Although many events have shifted to in-person gatherings upon the increase in vaccinations, the new Omicron variant still has many people hesitant about in-person events. One way to accommodate both audiences—those willing to attend in person and those preferring to go online—is to hold hybrid events that engage both categories.
Hybrid events are not a new concept in the slightest. Even before the pandemic, many conferences and concerts have simultaneously taken place live while streaming portions towards online viewers. Today they are regaining popularity to help events get back on their feet.
The challenge with hybrid events is to sustain the engagement of both virtual and in-person audiences throughout the whole affair. Achieving this balance requires creativity.
Setting the Stage Virtually and in Person
Both remote and live audiences will have their eyes on the stage for the duration of your event, so you need a good physical stage setup. Especially if your event is a concert, you need a solid stage to excite viewers.
Your stage design must be appropriate for the kind of event you are putting up. If it is a corporate event with a series of talks and workshops, keep your stage free of clutter. A simple backdrop with details of the event should suffice.
For events that require a more dynamic setup, do not just rely on props. Play with lights and LED screens to add action to the stage. Secure heavy equipment using wire rope rigging tools to safely put everything in its place.
Give your virtual “stage” visual appeal.
Not all physical stages translate well online. Set up your virtual event in such a way that online attendees will enjoy watching from behind their computer screens.
Enhance your virtual setup by adding a border to your virtual display. Think of the size of displays, too. Some will view the event from small laptops, large monitors, or even mobile phones. Make sure that videos, graphics, and accompanying text improve the viewing experience.
Keeping Your Virtual Audience Happy
The work of engaging your live audience is much more straightforward than reaching out to your virtual audience. These are some ways to effectively do so:
1. Acknowledge and interact with your online audience.
Do not make your virtual audience a footnote to your event. Acknowledge them regularly to signal that they are a true part of the event and interact with them. One way to do this is by having a portion of your talks or the whole program dedicated to reading comments and answering questions from your online audience.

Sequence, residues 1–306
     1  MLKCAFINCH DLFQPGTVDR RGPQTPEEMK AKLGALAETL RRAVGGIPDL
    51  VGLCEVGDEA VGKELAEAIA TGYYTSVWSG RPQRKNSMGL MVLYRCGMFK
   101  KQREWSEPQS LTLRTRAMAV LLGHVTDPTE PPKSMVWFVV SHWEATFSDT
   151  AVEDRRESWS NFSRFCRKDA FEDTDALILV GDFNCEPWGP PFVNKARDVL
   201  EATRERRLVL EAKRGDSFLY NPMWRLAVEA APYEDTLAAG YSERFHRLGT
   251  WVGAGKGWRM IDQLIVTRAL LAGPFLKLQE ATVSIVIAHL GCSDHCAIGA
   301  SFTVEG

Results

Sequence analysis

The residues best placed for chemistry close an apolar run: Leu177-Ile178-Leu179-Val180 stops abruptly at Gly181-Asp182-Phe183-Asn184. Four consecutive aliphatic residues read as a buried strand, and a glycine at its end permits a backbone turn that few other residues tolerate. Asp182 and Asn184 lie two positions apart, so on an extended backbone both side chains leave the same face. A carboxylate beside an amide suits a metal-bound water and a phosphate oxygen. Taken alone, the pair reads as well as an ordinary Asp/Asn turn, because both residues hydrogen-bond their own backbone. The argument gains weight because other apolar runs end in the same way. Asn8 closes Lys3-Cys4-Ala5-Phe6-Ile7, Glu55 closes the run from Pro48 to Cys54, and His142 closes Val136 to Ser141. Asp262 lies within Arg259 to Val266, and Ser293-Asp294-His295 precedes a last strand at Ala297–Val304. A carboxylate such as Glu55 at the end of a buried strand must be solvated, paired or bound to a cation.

Incorporate exclusive virtual activities for your online crowd, too. If the speaker asks a question to the live audience, set up a poll or present the same question in the chatbox. Remote viewers can then provide answers, and the speaker can read some of these during the session.
If your events have breakout sessions, put virtual attendees in breakout rooms, too. This way, they can discuss points and process what they have learned together.
2. Moderate your online platforms.
Physical events require numerous safety measures to stage successfully. Especially with the threats of COVID-19, event organizers must now enforce stricter protocols of physical distancing, mask-wearing, and regular disinfection to assure the safety of staff and guests in the venue.
In the same way that safety is a priority for the physical aspect of your event, online safety should be, too. First, you need to secure your video conferencing platforms to keep malicious people from disrupting the event online. Also, have a moderator keep an eye on chats to ensure that everyone only uses appropriate language.
3. Mind the arrangement of your program.
How you put together your program matters, especially to your online audience. Longer sessions are easier to sit through when you are a part of the physical audience. However, when viewed online, you quickly lose the attention of your audience with sessions of the same length.
Consider cutting sessions to more bite-sized lengths to accommodate your virtual audience. You can either keep sessions to a certain length or for longer sessions, add short coffee breaks in between to allow everyone a breather.
Concerts usually do not face this same issue because songs are shorter than talks. There are also more visual elements to be drawn towards during concerts, which enriches the viewing experience.
Hybrid events allow you to keep a record of your activities even after the event is over. Recorded sessions or video-on-demand offers allow you to keep engaging audiences weeks and sometimes even months after your event concludes.